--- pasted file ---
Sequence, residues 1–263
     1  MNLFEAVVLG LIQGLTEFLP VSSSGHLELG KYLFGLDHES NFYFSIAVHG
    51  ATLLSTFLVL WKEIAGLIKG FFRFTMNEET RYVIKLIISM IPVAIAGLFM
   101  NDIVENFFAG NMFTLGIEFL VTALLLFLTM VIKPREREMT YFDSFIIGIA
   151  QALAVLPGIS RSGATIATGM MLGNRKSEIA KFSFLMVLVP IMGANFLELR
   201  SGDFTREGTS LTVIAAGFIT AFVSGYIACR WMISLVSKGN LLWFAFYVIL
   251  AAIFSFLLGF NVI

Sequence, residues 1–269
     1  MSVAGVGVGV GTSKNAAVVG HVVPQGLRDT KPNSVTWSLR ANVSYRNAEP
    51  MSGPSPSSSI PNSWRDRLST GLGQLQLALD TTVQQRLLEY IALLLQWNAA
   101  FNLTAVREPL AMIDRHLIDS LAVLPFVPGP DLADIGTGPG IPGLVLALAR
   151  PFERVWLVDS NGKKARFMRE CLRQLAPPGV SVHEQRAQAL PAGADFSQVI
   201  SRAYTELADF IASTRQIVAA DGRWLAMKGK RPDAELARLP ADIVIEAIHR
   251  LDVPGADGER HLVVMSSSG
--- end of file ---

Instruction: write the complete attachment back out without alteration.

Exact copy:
Sequence, residues 1–263
     1  MNLFEAVVLG LIQGLTEFLP VSSSGHLELG KYLFGLDHES NFYFSIAVHG
    51  ATLLSTFLVL WKEIAGLIKG FFRFTMNEET RYVIKLIISM IPVAIAGLFM
   101  NDIVENFFAG NMFTLGIEFL VTALLLFLTM VIKPREREMT YFDSFIIGIA
   151  QALAVLPGIS RSGATIATGM MLGNRKSEIA KFSFLMVLVP IMGANFLELR
   201  SGDFTREGTS LTVIAAGFIT AFVSGYIACR WMISLVSKGN LLWFAFYVIL
   251  AAIFSFLLGF NVI

Sequence, residues 1–269
     1  MSVAGVGVGV GTSKNAAVVG HVVPQGLRDT KPNSVTWSLR ANVSYRNAEP
    51  MSGPSPSSSI PNSWRDRLST GLGQLQLALD TTVQQRLLEY IALLLQWNAA
   101  FNLTAVREPL AMIDRHLIDS LAVLPFVPGP DLADIGTGPG IPGLVLALAR
   151  PFERVWLVDS NGKKARFMRE CLRQLAPPGV SVHEQRAQAL PAGADFSQVI
   201  SRAYTELADF IASTRQIVAA DGRWLAMKGK RPDAELARLP ADIVIEAIHR
   251  LDVPGADGER HLVVMSSSG